Reviewing the CVs of FCCS faculty members shows that:

  • All the research-stream members of Creative Studies had publications, performances or exhibitions in the period 2017-2021. The vibrancy of the department is enhanced by regular interaction with a large group of students, many of them studio-based, and by the strength of UBC’s relationships with Kelowna’s cultural sector, including the Kelowna Art Gallery, Rotary Centre for the Arts, Opera Kelowna, and Ballet Kelowna.   
  • In terms of publications, the research culture in the new departments (ECS and LWL) is improving, but it is nowhere near where it should be, with too many members reporting as little as one article/essay or other output in a four year period and about the same number of faculty across both departments reporting no outputs of any kind over the same span. These are research stream tenured faculty. Having this high proportion of faculty reporting low levels of productivity poses challenges for faculty efforts to develop and invest in a humanities research culture within FCCS, across the broader humanities and critical cultures on the campus, and beyond.
  • Dr. Kyong Yoon, recently promoted to full professor, has an extraordinary research output, with three monographs and 20 article-length publications in this period. Discounting this impressive outlier, humanities scholars in FCCS collectively publish 15-20 article-length publications, one or two monographs, and an edited collection every year. Given that many research-stream faculty publish little or no research, and that humanities scholarship is often needfully slow-paced, this is a creditable overall record. Recent and anticipated recruitment of research-active scholars should bring about improvement in the near future. 
  • Significant monograph publications include: Dal Yong Jin, Kyong Yoon, and Wonjung Min, Transnational Hallyu: The Globalization of Korean Digital and Popular Culture (Rowman and Littlefield 2021); Jodey CastricanoGothic Metaphysics: From Alchemy to the Anthropocene (U of Wales P 2021); Kyong Yoon, Digital Mediascapes of Transnational Korean Youth Culture (Routledge 2020); George Grinnell, The Social Life of Biometrics (Rutgers UP 2020); Virginie MagnatThe Performative Power of Vocality (Routledge 2020); Greg Garrard, Axel Goodbody, George B. Handley & Stephanie PosthumusClimate Change Scepticism: A Transnational Ecocritical Analysis (Bloomsbury Academic 2019); Anderson Araujo, A Companion to Ezra Pound’s ‘Guide to Kulchur’ (Clemson UP 2018); and Oliver LoveseyPostcolonial George Eliot (Palgrave 2017).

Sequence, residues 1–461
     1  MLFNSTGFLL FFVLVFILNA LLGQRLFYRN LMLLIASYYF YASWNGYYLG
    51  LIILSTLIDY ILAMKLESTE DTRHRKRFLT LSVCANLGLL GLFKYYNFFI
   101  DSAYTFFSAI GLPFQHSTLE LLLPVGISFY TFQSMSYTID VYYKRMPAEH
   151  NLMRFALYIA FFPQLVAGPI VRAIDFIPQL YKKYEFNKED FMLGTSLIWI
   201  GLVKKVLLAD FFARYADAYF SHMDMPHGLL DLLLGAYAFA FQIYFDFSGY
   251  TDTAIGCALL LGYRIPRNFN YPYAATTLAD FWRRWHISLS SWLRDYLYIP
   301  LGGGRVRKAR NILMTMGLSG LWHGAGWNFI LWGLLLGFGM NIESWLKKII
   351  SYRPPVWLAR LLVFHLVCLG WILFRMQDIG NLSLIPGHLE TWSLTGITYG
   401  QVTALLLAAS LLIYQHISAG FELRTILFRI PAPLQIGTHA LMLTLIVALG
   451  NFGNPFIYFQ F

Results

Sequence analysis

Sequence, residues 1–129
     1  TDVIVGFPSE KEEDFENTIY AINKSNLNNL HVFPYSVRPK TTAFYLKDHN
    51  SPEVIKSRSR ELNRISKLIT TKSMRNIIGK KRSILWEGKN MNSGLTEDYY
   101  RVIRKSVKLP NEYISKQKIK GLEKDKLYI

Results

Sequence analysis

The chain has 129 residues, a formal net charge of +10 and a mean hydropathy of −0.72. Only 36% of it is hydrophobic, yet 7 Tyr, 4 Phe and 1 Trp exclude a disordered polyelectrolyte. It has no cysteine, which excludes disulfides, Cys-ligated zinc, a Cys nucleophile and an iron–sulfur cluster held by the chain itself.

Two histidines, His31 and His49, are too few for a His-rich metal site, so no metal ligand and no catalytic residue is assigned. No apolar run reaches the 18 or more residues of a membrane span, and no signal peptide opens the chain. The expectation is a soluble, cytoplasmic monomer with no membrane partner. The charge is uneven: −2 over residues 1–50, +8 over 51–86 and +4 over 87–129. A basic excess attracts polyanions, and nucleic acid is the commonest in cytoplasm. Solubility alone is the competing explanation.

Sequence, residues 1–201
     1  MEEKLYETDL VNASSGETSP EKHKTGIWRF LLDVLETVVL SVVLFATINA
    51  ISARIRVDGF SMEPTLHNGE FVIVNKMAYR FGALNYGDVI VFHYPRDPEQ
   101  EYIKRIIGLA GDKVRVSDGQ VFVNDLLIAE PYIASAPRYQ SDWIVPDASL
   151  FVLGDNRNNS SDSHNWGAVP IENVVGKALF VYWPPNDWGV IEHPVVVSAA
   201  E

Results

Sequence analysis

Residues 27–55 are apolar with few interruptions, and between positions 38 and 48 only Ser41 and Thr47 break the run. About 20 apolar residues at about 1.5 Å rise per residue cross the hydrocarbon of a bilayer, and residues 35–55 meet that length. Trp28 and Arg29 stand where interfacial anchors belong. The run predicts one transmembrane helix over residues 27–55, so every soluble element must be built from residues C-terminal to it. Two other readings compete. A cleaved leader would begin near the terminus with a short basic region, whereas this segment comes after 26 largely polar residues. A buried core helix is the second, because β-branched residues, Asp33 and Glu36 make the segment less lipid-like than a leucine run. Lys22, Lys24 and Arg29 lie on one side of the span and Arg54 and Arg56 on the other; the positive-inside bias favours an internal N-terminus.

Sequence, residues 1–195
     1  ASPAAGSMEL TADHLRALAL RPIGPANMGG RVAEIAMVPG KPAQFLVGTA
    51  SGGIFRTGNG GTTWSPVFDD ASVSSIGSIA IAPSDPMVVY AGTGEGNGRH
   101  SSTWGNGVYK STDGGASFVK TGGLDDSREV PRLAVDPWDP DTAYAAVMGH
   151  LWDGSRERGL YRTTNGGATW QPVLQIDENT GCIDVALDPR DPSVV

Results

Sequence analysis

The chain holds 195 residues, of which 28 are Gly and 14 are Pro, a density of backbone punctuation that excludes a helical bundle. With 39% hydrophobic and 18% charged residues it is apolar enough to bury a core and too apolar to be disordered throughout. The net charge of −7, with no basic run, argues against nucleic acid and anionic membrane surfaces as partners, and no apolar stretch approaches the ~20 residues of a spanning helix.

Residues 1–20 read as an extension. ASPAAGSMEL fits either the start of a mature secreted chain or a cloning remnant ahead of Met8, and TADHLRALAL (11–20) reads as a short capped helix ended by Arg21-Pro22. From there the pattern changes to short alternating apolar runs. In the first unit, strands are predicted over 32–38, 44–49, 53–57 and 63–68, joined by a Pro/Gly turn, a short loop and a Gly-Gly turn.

• Faculty publications in Scholarship of Teaching and Learning (SoTL), authored both by EL and research-stream faculty, are an increasingly important element of our faculty’s research profile, with five article-length publications in 2019 and 2020. The Canadian edition of Writing Today, a composition textbook co-edited by Dr. Jordan Stouck and Dr. Cathi Shaw, is particularly noteworthy.
  • Significant exhibitions and performances have taken place in the Okanagan, Vancouver, and further afield, often as traveling shows. They include: Briar Craig’s Okanagan Print Triennial; Dr. Aleksandra Dulic, ‘Water Ways’ and ‘Celestial Bodies’; Dr. Suzanne Gott, ‘African-Print Fashion Now!’ exhibition and book; Nancy Holmes, ‘Border Free Bees’; Samuel Roy-Bois, ‘It’s Not Me, It’s My Central Nervous System’; Shawn Serfas, ‘This Kind of Wilderness’; Megan Smith, ‘All the Stars We Cannot See’; Miles Thorogood, ‘Aeon’; Tania Willard, ‘Soundings’. Neil Cadger’s ‘Living Things Festival’, Michael V Smith’s ‘Pony Cabaret’ and Tania Willard’s Bush Gallery ‘rezidence’ explore innovative ways to engage the community in the work of diverse artists. Several FCCS artists and scholars were involved in ‘The Collective Body’, a pandemic-compliant exhibition that reflected on life during the pandemic. It was first presented at the Rotary Centre for the Arts and online in winter 2021.
  • Creative publications include Nancy Holmes, Arborophobia (U of Alberta P 2022); Matt Rader, Visual Inspection (Nightwood 2019); Anne Fleming, The Goat (House of Anansi Press 2017); and Michael V Smith, Bad Ideas (Nighwood 2017). FCCS faculty, in the Creative Writing group especially, are increasingly multimedia artists. Some, like Dr Dulic and Dr Smith, have always worked in multiple media. Michael V Smith is a writer of fiction who also produces short films, including for the National Film Board of Canada.
  • Thanks to ongoing recruitment of digital media faculty, we are increasingly seeing colleagues with publications and projects well outside the traditional fine arts and humanities. In digital media arts, Dr. Smith is undertaking vital work with the RCMP, using immersive technologies to improve training in use-of-force scenarios, and Dr. Thorogood has developed a Modular Large Scale Projection Mapping Toolkit in collaboration with the Rotary Centre for the Arts. Dr Karis Shearer, Principal’s Research Chair in Digital Arts and Humanities, is co-applicant on a major SSHRC Partnership, SoundBox, which is collecting analog audio recordings from Canadian literary history, digitizing the archive, and undertaking analysis and re-mediation work on the collection. Dr. Emily Murphy’s series of ‘remixes’ of dance archives, which combine embodied and digital methods, is restarting post-pandemic. Collaborating with linguists at Bangor University in Wales, Dr. Diana Carter has developed and presented a digital tool that tags Welsh, Spanish and English in multilingual corpora. Some scholars combine traditional and digital methods and outputs: Dr. George Grinnell created ‘Romanticism and the War on Terror’ as part of his SSHRC-funded research on Romantic-era biometrics. Dr. Francisco Peña is the PI in an international SSHRC-funded project using digital methodologies to better understand la General Estoria de Alfonso X, a medieval Iberian ‘history of the world’, and to make this remarkable work publicly accessible.